Wells Fargo economist sees growth for local economy

The Nevada economy is poised for a breakthrough in 2017 after showing it has emerged from the depths of the Great Recession, according to a Wells Fargo senior economist.

Mark Vitner said Wells Fargo projects the Nevada economy will grow at a 2.8 percent clip in terms of GDP, eclipsing the 2.5 percent growth estimated for 2016 and 2.3 percent projected for the nation. The Nevada economy grew at a 5.2 percent rate in the third quarter, the third best in the nation behind North Dakota and Utah and its tech industry, Vitner said.

“I think the key point is after years of trying to diversify the economy and get the ball rolling, it seems to be rolling right now,” Vitner said. “Nevada seems to be firing on all cylinders. The tourism sector is strengthened. The ski season has gotten off strong. Hockey is coming (with an expansion NHL franchise starting in the fall). Hopefully, football is coming (with a proposed Oakland Raiders relocation to Las Vegas), which will really help reinforce the expansion we have seen in the entertainment business away from the gaming industry. But the gaming industry is doing better, too, with revenue perking up.”

The “sluggish recovery” in tourism and gaming and “agonizingly slow recovery” from the housing bust forced Nevada to seek new avenues of growth, Vitner said. He cited the Tesla lithium-ion battery factory opening in 2016 and employing 1,100 with plans to add 5,400 jobs by the end of 2018, not counting thousands of construction workers building out the plant. Nevada also has added data centers, customer service centers and distribution facilities in recent years, he said.

Vitner said Nevada’s recovery gained momentum and is poised for stronger gains in 2017 because of the growth in tourism and construction. Nonfarm employment rose 2.9 percent in 2016, and because of that, more job seekers have moved to the state and bolstered the population by 56,000 people.

“Last year was the strongest year of domestic migration to Nevada since before the downturn, an encouraging signal for Nevada’s housing market outlook in 2017,” Vitner said.

While total employment is slightly above its level of 2007, Nevada is now more driven by education and health and professional and business services, which tend to provide more higher-paying, full-time positions than construction and tourism, Vitner said. Leisure and hospitality, however, remains the largest employer, accounting for one in every four jobs added over the past year, he said.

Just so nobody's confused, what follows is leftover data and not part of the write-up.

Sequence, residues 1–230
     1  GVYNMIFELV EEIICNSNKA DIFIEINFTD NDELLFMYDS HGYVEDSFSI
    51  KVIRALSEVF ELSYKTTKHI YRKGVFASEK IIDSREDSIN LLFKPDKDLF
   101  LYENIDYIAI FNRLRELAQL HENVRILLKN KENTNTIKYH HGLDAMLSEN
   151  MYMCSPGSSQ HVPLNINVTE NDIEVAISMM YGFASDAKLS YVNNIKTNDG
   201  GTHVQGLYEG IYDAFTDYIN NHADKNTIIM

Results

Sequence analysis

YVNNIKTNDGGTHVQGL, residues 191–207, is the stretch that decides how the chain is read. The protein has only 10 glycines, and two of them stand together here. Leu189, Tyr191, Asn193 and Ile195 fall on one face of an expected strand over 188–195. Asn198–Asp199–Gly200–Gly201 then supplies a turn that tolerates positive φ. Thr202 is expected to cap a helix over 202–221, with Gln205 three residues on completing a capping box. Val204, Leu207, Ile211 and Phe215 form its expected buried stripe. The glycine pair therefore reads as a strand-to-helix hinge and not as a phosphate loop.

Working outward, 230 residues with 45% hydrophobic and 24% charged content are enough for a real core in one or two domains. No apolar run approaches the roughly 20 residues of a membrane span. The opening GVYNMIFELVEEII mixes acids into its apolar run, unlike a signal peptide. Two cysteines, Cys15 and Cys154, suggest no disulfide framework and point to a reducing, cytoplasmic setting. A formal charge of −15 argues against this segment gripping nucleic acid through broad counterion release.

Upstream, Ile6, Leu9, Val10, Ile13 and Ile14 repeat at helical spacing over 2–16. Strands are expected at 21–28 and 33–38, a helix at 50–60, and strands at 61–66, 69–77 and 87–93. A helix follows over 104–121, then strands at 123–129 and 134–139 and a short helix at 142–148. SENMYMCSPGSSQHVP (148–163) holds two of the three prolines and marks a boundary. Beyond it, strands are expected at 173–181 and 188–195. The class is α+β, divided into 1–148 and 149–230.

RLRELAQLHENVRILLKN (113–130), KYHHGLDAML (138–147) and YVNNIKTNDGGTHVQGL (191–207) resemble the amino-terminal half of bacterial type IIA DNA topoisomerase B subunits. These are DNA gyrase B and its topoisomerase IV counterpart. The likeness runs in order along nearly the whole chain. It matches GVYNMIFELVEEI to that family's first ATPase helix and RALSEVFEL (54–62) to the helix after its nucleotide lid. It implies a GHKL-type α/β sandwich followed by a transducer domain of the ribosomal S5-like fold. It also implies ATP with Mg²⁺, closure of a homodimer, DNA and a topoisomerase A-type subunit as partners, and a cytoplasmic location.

Retirees, meanwhile, were a major driver of Nevada’s population growth in the first half of this decade. The 65-year-and-older age group accounted for 30 percent of Nevada’s population growth from 2010 to 2015, and those between the ages of 50 and 64 accounted for another 27 percent, but he added it’s more competitive among states to lure retirees.

The resurgence in population growth has helped eat away at the oversupply of homes in Nevada, Vitner said. Sales of existing homes rose solidly this past year in Southern Nevada, with sales of single-family homes rising 1.3 percent and sales of condominiums rising 12.4 percent, he said.

Nevada’s homes have recovered about 65 percent of the value lost in the housing crisis, Vitner said. Nevada’s delinquency rate now stands only 0.6 percentage points above the national average, which is “immensely improved” from 2014, when Nevada’s rate was twice that of the nation, he said.

While migration to the state has helped home sales and new construction, which is trending higher, Vitner said single-family homebuilding remains well below its historic norms because it has taken time for foreclosed properties to work through the market.

Bank-owned properties accounted for only 11 percent of home sales through October 2016, and foreclosure activity has been slowed, with less than 2 percent of Nevada’s mortgages in foreclosure at the end of the third quarter of 2016, Vitner said.

“Nevada had a long recovery from the housing bust because many folks were so upside down,” Vitner said. “There wasn’t a lot of mobility in the market because people didn’t have any equity to be able to sell their homes, and the gaming business had hit hard times because of all of the competition around the country and around the world, particularly for the high rollers.”

Vitner said President Donald Trump could be good for the Nevada economy if he carries through with his pledge to bolster infrastructure and defense spending. Cutting taxes and regulations should also bolster the state’s economy, he said.

“The rollback in regulations should allow for the housing recovery to gain more momentum,” Vitner said. “These changes aren’t going to happen all at once and all that soon, and any boost to the economy won’t be in 2017 but 2018 or 2019.”

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